If you’ve been on social media lately, you’ve almost certainly seen or heard something about Vivek Agnihotri’s film The Kashmir Files. The last release starring Mithun Chakraborty, Anupam Kher, Darshan Kumar, and Pallavi Joshi in pivotal roles, has gained a lot of attention.
Kashmir files is best movie so far— Fatima (@Fatimakn_) March 16, 2022
Don’t miss the movie watch and enjoy it in cinema #TheKashmirFilesForOscars pic.twitter.com/KBYCDPIvz6
After watching The Kashmir Files, I am feeling restless! pic.twitter.com/azX6K4G6Op— Anirudh Kumar Mishra (Astrologer) (@Anirudh_Astro) March 17, 2022
Viewers have been revisiting the tragedy that occurred nearly three decades ago through the film. However, even before the Agnihotri directorial, filmmaker Ashoke Pandit sought to address the subject through a romance drama in his film Sheen.
Pandit’s film is set against the backdrop of the exodus of lakhs of Kashmiri Pandits during the peak of the insurgency in the state, in 1990. It follows a couple who becomes victim of the horrific event.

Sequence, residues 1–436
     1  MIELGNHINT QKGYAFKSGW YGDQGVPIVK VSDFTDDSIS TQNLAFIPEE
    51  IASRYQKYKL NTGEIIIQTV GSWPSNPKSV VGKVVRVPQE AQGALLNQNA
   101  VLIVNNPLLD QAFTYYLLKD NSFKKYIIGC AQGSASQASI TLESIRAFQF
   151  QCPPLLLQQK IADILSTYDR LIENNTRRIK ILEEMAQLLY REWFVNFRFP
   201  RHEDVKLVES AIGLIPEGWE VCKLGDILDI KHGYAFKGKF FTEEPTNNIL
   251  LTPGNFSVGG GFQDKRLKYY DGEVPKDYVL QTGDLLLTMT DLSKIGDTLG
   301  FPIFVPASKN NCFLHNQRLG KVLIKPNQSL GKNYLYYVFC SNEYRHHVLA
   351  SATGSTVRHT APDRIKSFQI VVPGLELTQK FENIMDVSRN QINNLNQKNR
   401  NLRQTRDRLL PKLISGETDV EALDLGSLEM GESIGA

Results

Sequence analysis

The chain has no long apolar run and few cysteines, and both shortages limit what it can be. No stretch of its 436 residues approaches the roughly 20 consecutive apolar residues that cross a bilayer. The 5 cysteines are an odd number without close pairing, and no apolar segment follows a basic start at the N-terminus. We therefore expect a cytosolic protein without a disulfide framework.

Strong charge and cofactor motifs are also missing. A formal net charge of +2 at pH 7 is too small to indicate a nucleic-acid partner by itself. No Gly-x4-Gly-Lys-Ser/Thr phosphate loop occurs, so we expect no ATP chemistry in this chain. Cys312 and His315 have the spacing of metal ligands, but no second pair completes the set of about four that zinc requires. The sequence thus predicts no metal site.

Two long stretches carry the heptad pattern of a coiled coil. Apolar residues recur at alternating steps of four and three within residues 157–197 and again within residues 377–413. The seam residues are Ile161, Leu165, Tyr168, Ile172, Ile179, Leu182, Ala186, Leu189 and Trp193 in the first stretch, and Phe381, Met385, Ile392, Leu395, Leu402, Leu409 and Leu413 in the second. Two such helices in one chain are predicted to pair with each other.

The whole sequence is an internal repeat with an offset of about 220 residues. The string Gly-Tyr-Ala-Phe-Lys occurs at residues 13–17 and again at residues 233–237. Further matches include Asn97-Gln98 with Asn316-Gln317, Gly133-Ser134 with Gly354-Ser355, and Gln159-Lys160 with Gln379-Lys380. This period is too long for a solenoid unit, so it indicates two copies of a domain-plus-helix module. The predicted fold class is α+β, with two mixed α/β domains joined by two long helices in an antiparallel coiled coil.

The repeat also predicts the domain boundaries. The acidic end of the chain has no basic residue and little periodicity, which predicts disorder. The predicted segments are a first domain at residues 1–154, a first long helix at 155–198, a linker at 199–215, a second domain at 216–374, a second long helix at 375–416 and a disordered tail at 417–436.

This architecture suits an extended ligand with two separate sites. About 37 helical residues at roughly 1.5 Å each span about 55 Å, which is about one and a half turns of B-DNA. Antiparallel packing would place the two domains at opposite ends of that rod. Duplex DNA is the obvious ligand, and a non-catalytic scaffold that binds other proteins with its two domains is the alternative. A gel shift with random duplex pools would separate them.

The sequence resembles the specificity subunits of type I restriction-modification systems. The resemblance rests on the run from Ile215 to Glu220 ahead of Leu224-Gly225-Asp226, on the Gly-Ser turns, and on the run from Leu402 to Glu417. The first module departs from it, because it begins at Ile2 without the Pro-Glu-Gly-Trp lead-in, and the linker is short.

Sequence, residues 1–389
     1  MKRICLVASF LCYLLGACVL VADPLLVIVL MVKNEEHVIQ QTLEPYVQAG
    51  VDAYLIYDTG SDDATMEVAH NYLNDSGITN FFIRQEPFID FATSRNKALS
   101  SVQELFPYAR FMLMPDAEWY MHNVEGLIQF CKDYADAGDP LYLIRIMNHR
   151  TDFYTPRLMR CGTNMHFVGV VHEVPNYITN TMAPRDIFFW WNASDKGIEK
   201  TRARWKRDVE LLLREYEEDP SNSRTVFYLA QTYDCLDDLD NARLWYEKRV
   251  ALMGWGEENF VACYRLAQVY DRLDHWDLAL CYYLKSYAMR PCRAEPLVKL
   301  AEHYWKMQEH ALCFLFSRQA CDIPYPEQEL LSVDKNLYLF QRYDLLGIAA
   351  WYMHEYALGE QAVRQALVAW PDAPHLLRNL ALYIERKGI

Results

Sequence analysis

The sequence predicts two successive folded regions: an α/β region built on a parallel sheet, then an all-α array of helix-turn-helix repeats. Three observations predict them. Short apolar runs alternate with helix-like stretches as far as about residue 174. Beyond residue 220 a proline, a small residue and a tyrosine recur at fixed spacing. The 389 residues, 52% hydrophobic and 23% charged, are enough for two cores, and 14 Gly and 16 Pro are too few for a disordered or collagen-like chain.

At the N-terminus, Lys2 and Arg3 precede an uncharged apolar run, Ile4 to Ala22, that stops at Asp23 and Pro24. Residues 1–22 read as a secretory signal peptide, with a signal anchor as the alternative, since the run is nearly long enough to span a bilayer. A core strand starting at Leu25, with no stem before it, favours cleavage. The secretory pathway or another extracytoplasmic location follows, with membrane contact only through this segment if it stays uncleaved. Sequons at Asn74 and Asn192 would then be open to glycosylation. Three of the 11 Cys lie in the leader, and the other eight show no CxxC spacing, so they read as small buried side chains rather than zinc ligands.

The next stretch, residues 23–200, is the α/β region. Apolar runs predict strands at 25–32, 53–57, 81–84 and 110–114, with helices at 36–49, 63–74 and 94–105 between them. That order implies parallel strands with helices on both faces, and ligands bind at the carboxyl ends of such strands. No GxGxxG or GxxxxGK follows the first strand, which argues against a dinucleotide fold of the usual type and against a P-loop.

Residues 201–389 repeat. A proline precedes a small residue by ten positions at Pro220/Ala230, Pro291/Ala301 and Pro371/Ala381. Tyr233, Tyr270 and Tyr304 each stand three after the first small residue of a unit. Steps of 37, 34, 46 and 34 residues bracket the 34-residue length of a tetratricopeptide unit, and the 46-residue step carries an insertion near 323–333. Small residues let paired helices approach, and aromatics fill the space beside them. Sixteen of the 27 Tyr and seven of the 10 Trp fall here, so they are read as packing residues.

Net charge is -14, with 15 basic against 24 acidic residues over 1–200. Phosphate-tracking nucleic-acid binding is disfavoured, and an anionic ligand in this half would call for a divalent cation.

The 2004 film, which starred Raj Babbar, Tarun Arora, and Samreen Zaidi as the main characters, may not have gone into great depth about the events, but it did touch on the subject.
Besides the lead pair, Babbar plays the role of Pandit Amarnath, who is Sheen’s father and Anup Soni features as one of the militants.
Raj Babbar discussed the film’s premise in an old interview released by Wild Films India, saying that the plot centres around people being compelled to live as refugees in their own nation.
The director of Sheen, Ashoke Pandit also spoke to Lehren TV in an interview, while shooting for the project, where he talked about his agenda behind bringing forth a story like that.
It’s a love story, based on the background of the exodus of Kashmir Pandits from Kashmir. Issue-based film hai. Maine puri koshish ki hai ki isko ek aisi film banau jo ki issue-based hote hue bhi, logon ka interest bandh ke rakhe aur ek issue ke baare me unko sochne pe majbur kare.
Watch the interview here:
You can checkout the full-length film on YouTube.